# Question regarding Ehresmann connection

Assume we have a fiber bundle $$F\to E\stackrel \pi\to B$$.

In the wikipedia article it is stated that $$E$$ the vertical bundle $$V=\ker d\pi$$ consisting of vectors along the fibers is canonically defined while the horizontal bundle of vectors along the base is not.
Specifying a horizintal subspace of $$TE$$ is then called an Ehresmann connection on $$E$$.

But isn't $$\pi^* TB$$ a canonical subbundle of $$TE$$ which consists of vectors along $$B$$?

No! There is no reason why $$\pi^*TB$$ is a subbundle of $$TE$$ -- this is precisely why you need a connexion.
Recall $$\pi^*TB$$ is actually constructed as $$E\times_B TB$$: $$\pi^*TB=\{(e,(p,v))\in E\times TB\mid \pi(e)=\operatorname{proj}_{TB\to B}(p,v)=p\}$$ where $$\operatorname{proj}_{TB\to B}$$ is the usual projection $$TB\to B$$.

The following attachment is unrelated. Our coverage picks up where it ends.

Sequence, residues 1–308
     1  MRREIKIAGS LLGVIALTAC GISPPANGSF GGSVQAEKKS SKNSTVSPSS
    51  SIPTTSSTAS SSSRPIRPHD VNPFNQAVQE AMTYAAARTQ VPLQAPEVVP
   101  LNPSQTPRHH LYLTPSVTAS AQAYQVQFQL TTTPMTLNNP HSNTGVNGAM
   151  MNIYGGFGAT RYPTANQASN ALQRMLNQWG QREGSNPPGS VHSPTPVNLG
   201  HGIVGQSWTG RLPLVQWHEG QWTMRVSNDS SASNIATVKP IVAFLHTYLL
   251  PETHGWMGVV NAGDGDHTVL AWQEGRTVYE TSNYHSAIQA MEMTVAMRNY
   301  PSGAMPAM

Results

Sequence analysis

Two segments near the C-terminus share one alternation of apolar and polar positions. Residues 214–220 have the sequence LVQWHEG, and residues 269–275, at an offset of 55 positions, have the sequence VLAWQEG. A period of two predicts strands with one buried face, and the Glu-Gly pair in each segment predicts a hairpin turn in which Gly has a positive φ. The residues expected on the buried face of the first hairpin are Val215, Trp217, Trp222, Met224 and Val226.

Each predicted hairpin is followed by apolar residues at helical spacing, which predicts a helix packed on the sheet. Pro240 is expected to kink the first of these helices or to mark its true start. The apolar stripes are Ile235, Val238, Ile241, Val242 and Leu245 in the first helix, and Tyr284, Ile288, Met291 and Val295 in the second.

• A connexion $\nabla$ is precisely a choice of splitting $TE=H\oplus V$ with $H\cong \pi^*TB$. You don't have a canonical choice of $H$. – user10354138 Jun 6 at 9:03
• So independently of the connection, there always is an isomorphism $H\to \pi^* TB$? Specifying such an isomorphism does then define a unique connection? – Peter Jun 6 at 9:36
By definition of the pullback, $$\pi^*B=\{(x,y,v):y\in\pi^{-1}(x), v\in T_xB\}$$ therefore it is not a subbundle of $$TE$$.